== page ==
- The Liberty League (Justice Society, The Invaders)): A mix of the heirs to Golden Age legacies and characters who were actually there for the Golden Age. The team itself is an heir to the legacy of the original Liberty League, a canonical NPC team active during World War 2.
- The Midnighters (Nightstalkers, Midnight Sons): A loose confederation of mystic characters.
- Young Freedom (Titans, X-Men): A team of Claremont Academy students (see Superhero School, above). Most of the teenage superheroes belong to this team, or have at some point. As old students graduate and new ones enroll, the roster changes regularly. It is a counterpoint to the NPC Kid Hero teams, The Next-Gen and The Alterniteens.
- Talking Is a Free Action: Especially in a play-by-post game. There are no other players sitting around the table to interrupt each other, so everyone gets a chance to ham it up. However, since power points are awarded based on number of in-character posts, not the length of individual posts, most players avoid full-blown walls of text.
- Team Mom: Electra is a Real Life example.
- There Are No Girls on the Internet: Subverted whenever possible, though hampered by the typical gender ratios of gamers and superhero comicbook fans.
- Cross Player: Despite the large gender gap among players, the gender ratio among characters is more or less even.
- G.I.R.L.: This being The Internet, there have been a few players who were (and possibly a few that still are) doing this.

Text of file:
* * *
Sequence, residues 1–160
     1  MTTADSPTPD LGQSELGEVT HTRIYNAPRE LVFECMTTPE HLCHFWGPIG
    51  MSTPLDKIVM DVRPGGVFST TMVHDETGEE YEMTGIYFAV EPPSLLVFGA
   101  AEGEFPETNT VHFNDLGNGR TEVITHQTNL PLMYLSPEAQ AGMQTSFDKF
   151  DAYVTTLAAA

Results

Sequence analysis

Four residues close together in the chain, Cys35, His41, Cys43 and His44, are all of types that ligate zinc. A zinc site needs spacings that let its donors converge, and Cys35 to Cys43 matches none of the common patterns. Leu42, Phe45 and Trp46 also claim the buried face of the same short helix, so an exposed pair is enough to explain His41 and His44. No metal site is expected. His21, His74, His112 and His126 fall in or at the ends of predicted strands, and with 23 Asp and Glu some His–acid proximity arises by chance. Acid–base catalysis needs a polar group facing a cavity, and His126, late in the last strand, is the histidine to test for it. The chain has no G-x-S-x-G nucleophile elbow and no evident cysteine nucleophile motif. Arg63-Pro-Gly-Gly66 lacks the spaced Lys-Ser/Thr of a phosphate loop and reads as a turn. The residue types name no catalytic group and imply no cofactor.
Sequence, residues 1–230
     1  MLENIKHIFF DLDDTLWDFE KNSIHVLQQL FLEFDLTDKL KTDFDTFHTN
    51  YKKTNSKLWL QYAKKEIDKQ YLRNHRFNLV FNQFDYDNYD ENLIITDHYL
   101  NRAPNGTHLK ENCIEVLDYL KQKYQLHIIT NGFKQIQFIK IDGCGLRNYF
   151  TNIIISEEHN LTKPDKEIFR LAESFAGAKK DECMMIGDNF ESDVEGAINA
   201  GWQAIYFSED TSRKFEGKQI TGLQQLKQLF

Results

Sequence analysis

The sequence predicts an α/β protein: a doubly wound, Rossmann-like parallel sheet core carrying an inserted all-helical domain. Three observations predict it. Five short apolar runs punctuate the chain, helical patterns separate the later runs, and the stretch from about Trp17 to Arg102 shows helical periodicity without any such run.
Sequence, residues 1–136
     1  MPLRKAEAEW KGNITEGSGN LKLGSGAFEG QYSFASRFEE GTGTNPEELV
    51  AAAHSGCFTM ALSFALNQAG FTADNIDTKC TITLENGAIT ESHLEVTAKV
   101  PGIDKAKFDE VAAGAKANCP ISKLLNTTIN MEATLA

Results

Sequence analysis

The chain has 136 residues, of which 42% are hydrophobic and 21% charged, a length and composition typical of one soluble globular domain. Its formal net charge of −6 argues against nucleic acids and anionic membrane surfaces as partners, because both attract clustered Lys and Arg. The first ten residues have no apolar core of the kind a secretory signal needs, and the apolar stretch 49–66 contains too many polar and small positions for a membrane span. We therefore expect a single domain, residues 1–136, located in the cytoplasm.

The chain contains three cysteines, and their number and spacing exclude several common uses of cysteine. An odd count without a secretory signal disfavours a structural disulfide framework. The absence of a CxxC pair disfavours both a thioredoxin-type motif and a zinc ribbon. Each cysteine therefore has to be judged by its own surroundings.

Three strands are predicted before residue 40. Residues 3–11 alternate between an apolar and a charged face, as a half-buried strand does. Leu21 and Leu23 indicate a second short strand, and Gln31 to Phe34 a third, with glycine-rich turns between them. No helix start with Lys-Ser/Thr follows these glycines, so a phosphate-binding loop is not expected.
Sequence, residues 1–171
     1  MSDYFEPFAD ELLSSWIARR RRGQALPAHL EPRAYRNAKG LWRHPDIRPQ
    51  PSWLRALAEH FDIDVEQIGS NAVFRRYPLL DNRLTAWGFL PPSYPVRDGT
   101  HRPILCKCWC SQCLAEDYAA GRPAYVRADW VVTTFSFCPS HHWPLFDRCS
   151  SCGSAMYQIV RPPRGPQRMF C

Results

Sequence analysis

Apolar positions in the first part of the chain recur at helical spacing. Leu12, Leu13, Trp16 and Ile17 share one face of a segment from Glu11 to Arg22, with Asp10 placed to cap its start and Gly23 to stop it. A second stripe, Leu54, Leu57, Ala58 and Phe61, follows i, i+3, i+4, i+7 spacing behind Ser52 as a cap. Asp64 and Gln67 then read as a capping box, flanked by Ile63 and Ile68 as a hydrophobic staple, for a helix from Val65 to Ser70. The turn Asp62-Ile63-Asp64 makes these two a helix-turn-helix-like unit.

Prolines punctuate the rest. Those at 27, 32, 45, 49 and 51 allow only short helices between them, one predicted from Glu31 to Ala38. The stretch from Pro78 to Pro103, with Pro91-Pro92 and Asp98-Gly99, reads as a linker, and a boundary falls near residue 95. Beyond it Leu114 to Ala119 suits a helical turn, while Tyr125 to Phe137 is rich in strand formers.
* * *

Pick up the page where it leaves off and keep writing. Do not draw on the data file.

- This Is Your Brain on Evil: Jack of All Blades died. He got better! Lately, though, he's Not Himself... Oh no! He Came Back Wrong! Corrupted by Hellfire! He got better from that too, though.
- Thou Shalt Not Kill: See What Measure Is a Non-Human?, below.
- True Companions: Most of the Super Teams formed by the players.
- TV Tropes as a Gateway Drug: At this point, half the player base and at least one of the Moderators have found the site through TV Tropes.
- What Measure Is a Non-Human?: Robots, undead, demons, cosmic horrors, and the like are explicit exceptions to the game's policy against killing.
- What the Hell, Hero?: The Moderators would prefer that any player think twice before writing their character as taking an action which would invoke this trope. Please do not list specific examples here.
- Where the Hell Is Springfield?: Subverted. The location of Freedom City is officially left open in the books, but Word of God in this game, and from developer Steve Kenson, is that Freedom City is somewhere near Atlantic City, New Jersey.
- Why We Can't Have Nice Things: Despite superlative roleplaying by the players of characters like Malice and Belphegor, FCPBP ended the days of PC Villains after one too many threads descended into an orgy of weeks-long PvP and weapon measuring contests, and character creation and advancement as a whole turned into a metagaming arms race.
- Wide Open Sandbox: Freedom is a big city, and an even bigger multiverse.